Part of me sympathizes with the concerns of the author of the article that this made some females feel uncomfortable — although I did see many females with the bunny ears and the full Noblegarden regalia enjoying the fun of parading around in the costumes. I confess I felt a bit weird applying the ears to a few female avatars which was required of the achievement but it wasn’t because I thought I was objectifying a woman, rather it was all too cutesy for me.
It goes without saying that any kind of harassment and unwanted advances are wrong even in virtual worlds and thankfully there are customer service policies to deal with it. I’ve been the victim of it myself in WoW. Hazing and foul language in public chat channels is wrong as well. As well as rallying against it on my blog, I have spent countless hours over the past 10 years spending my limited gaming time reporting players who use racial, sexual and anti-gay slurs. I don’t just talk the talk, I walk the walk.
Another point to consider is that in a MMO like WoW anyone can come up to a male or female and use emotes like /hug, /kiss, /flirt and many more. Should they be banned due to their potential for sexual harassment? Of course not as it would be unpractical and contrary to what virtual worlds are all about: player interaction.
Should Blizzard create some an /emote ignore switch for players who may be offended by those emotes to prevent them from being broadcast publicly? Perhaps it would be a good idea. If people want to willingly isolate themselves from all communication and contact with their fellow players then by all means let them.
The Problem with Offense and Radical Feminism
The prickly problem with offense is that it subjective. One person’s scrap is another person’s gold. What is welcoming and fun to one player may be harassment to another. Given this problem we have timid companies and institutions erring on the side of caution and often capitulating at the hint of any offense related controversy with the result being we are all less free and we start self-censoring our thoughts and actions.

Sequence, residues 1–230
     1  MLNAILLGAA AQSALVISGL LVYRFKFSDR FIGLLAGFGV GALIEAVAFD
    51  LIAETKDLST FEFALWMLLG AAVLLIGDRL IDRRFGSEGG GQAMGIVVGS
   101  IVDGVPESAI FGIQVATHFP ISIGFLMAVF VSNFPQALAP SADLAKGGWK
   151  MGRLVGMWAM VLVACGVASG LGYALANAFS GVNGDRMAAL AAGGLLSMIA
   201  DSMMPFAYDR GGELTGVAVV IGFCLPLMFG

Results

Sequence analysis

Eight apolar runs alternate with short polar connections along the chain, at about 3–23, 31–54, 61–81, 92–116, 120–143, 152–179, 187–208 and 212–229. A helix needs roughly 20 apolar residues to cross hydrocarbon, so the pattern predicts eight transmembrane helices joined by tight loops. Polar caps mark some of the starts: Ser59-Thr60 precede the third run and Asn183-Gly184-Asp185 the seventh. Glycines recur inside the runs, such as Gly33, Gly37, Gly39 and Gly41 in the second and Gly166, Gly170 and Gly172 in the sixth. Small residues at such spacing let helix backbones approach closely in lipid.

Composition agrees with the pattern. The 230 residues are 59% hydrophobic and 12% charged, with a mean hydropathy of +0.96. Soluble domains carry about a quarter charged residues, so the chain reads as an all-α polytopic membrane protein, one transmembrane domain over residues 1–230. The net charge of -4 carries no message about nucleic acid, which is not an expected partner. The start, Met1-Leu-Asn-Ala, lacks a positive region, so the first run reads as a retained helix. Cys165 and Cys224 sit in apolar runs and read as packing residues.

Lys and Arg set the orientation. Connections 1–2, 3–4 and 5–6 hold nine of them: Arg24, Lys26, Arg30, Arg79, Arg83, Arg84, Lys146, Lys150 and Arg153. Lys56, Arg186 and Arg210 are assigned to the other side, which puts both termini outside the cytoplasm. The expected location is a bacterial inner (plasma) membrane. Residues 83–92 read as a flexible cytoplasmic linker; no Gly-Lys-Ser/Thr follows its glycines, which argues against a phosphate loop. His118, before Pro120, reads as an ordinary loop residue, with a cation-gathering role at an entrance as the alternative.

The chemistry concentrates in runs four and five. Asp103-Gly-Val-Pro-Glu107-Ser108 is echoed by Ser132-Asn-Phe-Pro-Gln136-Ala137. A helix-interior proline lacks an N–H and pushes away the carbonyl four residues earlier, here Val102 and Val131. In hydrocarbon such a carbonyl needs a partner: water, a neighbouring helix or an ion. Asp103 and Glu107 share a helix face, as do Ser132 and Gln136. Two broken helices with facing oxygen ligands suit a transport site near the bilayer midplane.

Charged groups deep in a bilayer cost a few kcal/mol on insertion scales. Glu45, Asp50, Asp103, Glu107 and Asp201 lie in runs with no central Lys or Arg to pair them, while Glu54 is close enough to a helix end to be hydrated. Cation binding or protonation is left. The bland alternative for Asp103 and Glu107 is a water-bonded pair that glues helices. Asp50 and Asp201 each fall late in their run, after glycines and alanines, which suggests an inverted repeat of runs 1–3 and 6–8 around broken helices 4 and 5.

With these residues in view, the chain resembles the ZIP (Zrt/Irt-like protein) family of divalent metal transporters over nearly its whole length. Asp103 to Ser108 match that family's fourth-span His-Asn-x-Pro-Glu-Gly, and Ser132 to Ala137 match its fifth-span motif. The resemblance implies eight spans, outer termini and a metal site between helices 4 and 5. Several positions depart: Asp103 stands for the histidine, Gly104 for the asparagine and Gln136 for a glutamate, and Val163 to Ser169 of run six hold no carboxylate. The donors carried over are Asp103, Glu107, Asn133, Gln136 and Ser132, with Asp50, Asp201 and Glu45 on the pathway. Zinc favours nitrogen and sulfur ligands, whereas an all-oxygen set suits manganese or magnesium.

I really have to wonder if complaining about bunny ears is what the modern day feminist movement has been reduced to. Their concern seems rather disproportionate given the overt and institutionalized discrimination of millions of women who live in non-western countries endure on a daily basis. Given that reality, is this what modern day feminists should be concerned about, bunny ears in a MMO?
It’s hard to take this issue seriously when there real issues facing women who are striving for equality that need to be addressed. Playing the “I’m offended” game is getting tiresome as Female Gamer a reader at Broken Toys so eloquently states:
Do we really want to play in a sanitized Utopian virtual world where every kind of “ism” and social injustice has been eliminated? Heck no. Take away those kinds of imperfections and you have a bland, sterile world with no possibility of conflict, drama, and good and evil.
I’m concerned about the encroachment of our increasingly polarized society’s squabbles into the landscapes virtual worlds and MMOs. Companies like Blizzard need to hold fast to the integrity of their worlds and not bow down to the agenda of special interest groups hungry for new mediums with which to ply their “outrage” trade. MMO developers need to be able to exercise their artistic license to create the worlds they please free from the chilling effects of censorship and political correctness.
Our virtual sanctuaries should be places of refuge that are free from the intrusion of modern day politics; we go there to role-play and escape the real world, not to bring all of its issues and problems with us.